Genetic Resources, Equity and International Law

Genetic Resources, Equity and International Law

New Horizons in Environmental and Energy Law series

Camena Guneratne

This book examines current developments in international law which regulate the uses of plant genetic resources for food and agriculture, and the various property regimes which are applied to these resources by these international agreements.

Chapter 9: Access and benefit sharing measures

Camena Guneratne

Subjects: development studies, law and development, environment, environmental law, law - academic, environmental law, human rights, intellectual property law, international economic law, trade law, law and development, public international law, politics and public policy, human rights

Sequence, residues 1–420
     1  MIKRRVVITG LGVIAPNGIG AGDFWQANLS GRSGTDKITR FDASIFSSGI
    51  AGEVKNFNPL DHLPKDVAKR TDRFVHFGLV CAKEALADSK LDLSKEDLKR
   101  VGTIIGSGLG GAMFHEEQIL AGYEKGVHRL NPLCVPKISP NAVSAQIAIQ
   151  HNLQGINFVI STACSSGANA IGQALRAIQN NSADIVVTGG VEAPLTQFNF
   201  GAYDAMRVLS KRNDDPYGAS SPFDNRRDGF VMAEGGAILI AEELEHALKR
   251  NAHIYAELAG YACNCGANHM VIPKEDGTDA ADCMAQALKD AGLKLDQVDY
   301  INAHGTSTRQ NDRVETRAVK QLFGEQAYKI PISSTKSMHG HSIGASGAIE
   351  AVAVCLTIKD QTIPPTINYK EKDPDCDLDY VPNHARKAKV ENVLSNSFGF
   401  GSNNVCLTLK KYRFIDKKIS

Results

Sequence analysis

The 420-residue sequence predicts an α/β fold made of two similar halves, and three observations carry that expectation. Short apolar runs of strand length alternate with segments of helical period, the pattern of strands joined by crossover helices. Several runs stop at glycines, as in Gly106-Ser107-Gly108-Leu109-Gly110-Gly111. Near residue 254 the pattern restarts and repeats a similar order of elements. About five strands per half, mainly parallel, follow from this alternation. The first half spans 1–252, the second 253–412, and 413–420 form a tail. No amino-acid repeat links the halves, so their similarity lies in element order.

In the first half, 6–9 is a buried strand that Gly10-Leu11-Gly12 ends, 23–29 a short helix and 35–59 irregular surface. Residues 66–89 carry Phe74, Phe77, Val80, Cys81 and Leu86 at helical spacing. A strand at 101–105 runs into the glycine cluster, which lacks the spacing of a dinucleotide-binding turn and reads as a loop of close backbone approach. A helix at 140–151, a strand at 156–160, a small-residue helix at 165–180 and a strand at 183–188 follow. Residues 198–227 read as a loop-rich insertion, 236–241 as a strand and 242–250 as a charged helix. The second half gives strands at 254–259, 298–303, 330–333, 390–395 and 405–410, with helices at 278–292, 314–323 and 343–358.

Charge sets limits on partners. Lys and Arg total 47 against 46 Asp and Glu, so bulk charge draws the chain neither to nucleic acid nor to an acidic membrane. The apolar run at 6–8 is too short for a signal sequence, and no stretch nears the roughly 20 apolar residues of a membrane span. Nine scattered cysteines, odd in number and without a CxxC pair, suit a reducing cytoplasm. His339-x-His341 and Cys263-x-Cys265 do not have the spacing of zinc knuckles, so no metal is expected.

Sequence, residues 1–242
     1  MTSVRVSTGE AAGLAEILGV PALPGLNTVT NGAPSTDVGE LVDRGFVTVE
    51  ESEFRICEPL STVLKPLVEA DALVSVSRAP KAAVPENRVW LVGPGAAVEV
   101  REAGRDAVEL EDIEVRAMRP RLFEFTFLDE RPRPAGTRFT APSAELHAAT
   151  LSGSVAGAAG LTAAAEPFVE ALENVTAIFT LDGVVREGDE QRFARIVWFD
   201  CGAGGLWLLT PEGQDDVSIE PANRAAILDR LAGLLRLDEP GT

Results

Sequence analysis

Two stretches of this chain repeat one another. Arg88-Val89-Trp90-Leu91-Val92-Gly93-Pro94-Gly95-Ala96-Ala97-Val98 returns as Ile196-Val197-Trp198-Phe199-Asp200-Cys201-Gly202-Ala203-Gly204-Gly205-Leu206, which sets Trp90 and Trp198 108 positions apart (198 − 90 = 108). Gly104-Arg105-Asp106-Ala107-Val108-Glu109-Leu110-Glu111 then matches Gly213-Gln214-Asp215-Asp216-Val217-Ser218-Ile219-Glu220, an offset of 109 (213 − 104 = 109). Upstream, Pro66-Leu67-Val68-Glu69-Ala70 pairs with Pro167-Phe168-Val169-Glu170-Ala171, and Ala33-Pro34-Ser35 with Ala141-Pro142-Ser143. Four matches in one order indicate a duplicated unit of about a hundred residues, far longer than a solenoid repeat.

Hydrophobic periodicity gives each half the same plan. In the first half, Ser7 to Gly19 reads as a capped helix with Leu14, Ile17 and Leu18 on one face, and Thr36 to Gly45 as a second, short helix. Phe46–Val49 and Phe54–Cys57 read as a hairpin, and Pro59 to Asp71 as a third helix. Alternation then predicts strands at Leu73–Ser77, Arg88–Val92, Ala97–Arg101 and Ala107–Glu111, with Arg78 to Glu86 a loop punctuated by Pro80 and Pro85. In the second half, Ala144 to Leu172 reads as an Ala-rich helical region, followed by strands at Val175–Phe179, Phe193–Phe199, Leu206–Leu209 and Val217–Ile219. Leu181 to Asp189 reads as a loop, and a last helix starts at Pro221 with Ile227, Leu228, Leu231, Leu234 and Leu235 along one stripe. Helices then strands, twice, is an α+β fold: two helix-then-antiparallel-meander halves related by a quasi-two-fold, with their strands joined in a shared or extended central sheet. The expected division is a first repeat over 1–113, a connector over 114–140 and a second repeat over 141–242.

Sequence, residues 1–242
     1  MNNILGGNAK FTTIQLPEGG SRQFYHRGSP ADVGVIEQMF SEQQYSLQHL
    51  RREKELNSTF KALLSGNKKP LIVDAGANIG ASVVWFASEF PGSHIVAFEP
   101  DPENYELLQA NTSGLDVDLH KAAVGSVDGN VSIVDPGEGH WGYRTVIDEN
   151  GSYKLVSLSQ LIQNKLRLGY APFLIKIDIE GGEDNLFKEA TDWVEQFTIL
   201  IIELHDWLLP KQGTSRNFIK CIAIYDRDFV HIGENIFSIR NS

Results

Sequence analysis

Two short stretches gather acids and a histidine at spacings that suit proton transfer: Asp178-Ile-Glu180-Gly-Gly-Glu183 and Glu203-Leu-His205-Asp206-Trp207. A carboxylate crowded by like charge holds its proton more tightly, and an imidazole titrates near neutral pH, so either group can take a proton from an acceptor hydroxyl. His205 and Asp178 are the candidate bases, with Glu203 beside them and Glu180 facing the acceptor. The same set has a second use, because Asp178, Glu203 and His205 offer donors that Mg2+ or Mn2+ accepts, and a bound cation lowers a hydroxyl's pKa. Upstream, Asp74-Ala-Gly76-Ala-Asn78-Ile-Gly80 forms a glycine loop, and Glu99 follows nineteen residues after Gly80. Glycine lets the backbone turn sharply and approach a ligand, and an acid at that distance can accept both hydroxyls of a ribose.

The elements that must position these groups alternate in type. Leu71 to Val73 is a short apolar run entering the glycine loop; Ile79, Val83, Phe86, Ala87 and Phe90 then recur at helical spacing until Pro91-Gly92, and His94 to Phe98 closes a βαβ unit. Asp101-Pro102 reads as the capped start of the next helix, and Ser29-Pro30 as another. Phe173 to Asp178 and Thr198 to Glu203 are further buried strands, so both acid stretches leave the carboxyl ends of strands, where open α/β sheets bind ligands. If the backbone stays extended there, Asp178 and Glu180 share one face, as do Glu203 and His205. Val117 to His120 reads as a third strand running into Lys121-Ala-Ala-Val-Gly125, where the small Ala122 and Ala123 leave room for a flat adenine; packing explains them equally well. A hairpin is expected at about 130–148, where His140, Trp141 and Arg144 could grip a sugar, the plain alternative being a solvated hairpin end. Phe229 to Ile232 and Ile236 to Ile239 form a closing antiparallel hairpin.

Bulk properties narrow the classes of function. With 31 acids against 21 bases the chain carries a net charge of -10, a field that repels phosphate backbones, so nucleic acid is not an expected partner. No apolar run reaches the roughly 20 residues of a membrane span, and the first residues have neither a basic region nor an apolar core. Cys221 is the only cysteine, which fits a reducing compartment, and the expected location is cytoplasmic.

Developing countries have taken a two-pronged approach in their efforts to protect rights over their natural resources and traditional knowledge, and to prevent their misappropriation. These two approaches have been classified as positive and defensive measures. Positive measures seek to put in place a system which ensures that the countries providing such resources are assured firstly, of a voice in how and to what extent they are accessed, and secondly, of a fair share in the benefits derived from them. This approach is implemented by means of mechanisms which regulate access to genetic resources by those seeking to exploit them for commercial purposes. These measures will be discussed in this chapter. The other form of positive measures to protect such rights is the systems of plant variety protection which countries are required to put in place by the TRIPS Agreement. This is done either by way of patents or by sui generis legislation. These systems will be discussed in the next chapter. Defensive mechanisms of plant variety protection refer to pre-emptive measures intended to prevent the misappropriation and propertization of plant genetic resources for food and agriculture (PGFRA) and traditional knowledge, rather than to enable provider countries to gain any benefits from them. These measures will be considered separately in succeeding chapters. Both the CBD and the FAO Treaty have been informed by the ongoing debate on germplasm flows from the southern to the northern hemisphere, and the inequities of access to, and sharing of the benefits arising out of these resources.

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